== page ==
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The "Missing Link" in Inpatient Satisfaction

The "Missing Link" in Inpatient Satisfaction

Emergency admissions less satisfied than direct admissions

by Rick Blizzard

Are hospitals actively working to improve inpatient satisfaction? For almost all hospitals the answer is a definite "yes" -- and for many, patient satisfaction is a key indicator of hospital success. When patient feedback from the Hospital Consumer Assessment of Health Plans (HCAHPS) survey is reported to the public next year, the pressure will definitely be on to improve the patient experience.

At many hospitals, efforts to improve inpatient satisfaction focus almost exclusively on nursing staff performance. A cursory analysis of inpatient satisfaction data would typically suggest this focus is correct -- that nursing-related measures are the key drivers of inpatient satisfaction.

But this focus misses a key influence on inpatient satisfaction. Nursing's primary effect on the patient experience kicks in only after the patient actually arrives in the inpatient care unit. For many such units, more than half of the admitted patients are referred from the emergency department. And interestingly enough, patients admitted through the emergency department give significantly lower inpatient satisfaction ratings than those admitted directly.

Role of the Emergency Department in Inpatient Satisfaction

We examined aggregated inpatient satisfaction ratings for more than 140,000 discharges in 2004. For all of Gallup's core questions, with the exception of food service ratings, ratings of inpatient services were significantly lower among emergency department admissions. The largest difference appears in a question addressing patients' perceptions of quality: Emergency department admissions score 0.12 lower than direct admissions in their belief the hospital is the best at treating their medical conditions.

On a four-point scale, 6 of 20 operational core questions show a substantial variance of 0.06 or more between direct admissions and emergency department admissions. The greatest disparity is apparent in patients' perceptions of hospital processes.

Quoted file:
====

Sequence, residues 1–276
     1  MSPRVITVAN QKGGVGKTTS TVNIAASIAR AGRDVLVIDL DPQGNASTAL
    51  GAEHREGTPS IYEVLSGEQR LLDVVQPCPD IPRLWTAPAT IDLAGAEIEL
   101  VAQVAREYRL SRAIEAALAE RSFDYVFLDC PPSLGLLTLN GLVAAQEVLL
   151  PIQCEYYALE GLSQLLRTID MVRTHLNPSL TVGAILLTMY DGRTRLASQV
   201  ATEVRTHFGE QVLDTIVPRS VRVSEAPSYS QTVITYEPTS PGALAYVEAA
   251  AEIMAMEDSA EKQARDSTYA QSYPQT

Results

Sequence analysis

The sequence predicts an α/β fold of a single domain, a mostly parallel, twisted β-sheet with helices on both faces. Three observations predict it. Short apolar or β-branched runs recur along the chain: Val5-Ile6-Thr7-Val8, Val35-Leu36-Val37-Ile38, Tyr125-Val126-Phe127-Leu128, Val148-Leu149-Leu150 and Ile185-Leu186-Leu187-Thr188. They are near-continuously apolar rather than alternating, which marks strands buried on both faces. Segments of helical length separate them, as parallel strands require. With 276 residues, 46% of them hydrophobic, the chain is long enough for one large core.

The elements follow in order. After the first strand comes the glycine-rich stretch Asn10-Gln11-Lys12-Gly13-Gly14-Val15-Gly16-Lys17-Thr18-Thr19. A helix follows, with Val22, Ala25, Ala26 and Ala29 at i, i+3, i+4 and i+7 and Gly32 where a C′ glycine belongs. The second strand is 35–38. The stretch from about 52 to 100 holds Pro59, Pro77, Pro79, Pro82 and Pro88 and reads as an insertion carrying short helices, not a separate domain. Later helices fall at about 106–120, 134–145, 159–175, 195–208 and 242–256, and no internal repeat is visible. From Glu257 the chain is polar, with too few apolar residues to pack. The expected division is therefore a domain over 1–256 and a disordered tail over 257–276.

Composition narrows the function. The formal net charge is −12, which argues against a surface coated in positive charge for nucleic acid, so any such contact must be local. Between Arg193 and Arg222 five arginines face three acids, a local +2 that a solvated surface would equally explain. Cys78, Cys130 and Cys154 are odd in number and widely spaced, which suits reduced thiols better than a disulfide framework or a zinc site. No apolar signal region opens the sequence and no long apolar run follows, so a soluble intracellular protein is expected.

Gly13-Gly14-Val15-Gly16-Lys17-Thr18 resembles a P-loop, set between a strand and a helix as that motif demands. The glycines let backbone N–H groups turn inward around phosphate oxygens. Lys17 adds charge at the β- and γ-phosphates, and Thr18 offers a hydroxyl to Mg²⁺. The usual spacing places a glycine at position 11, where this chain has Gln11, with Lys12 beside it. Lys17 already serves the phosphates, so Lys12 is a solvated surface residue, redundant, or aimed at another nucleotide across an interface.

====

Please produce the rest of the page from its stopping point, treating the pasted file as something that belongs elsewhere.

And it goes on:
These results indicate the ratings gap can't simply be attributed to time spent waiting in the emergency department for an inpatient bed. Although that's surely a factor in satisfaction with the admitting process, it doesn't account for gaps in patient and family communication, the discharge process, or pain management. Certainly, emergency department admissions can have unique issues that make discharge planning more difficult. And yes, a backlog of patients waiting in an emergency department neither staffed nor structured for longer-term patient care can stretch pain management capabilities.

But these strike me as incomplete explanations. Hospitals should be able to narrow this ratings gap by improving coordination and communication in the emergency department-inpatient admission process.

What Are Hospitals Doing to Improve?

Best-practice hospitals are developing innovative strategies to deal with these issues. For example, some have expanded the idea behind bedside registration, which has vastly improved patient satisfaction with emergency department waiting time, to emergency department inpatient admissions. During extended holding periods, an experienced inpatient nurse gathers all the information necessary for inpatient admission. The nurse may also support care for such patients being held in the emergency department. When a bed is available and the patient is admitted, the nurse accompanies the patient to the inpatient unit, briefs and turns the patient over to the responsible unit nurse.

Like bedside registration in the emergency department itself, this process improves the hospital's perceived efficiency. The personal contact with an experienced inpatient nurse also improves communication with the patient and family. This strategy has typically been applied only when emergency department holds have been awaiting inpatient beds for extended periods -- but there's no reason it could not be applied to all admissions whose condition is not immediately life-threatening.

Bottom Line

Focusing solely on nursing and the nursing unit to improve inpatient satisfaction ignores issues significantly depressing satisfaction for more than half of the patients in many inpatient units. The problem is not simply a failing of the emergency department or the inpatient unit. It is an issue of the integration between the two entities. Neither the emergency department nor the inpatient unit can solve this problem alone. For hospitals serious about improving inpatient satisfaction, a joint emergency department-inpatient committee to study and guide implementation strategies for improving consistency and communication is important to success.

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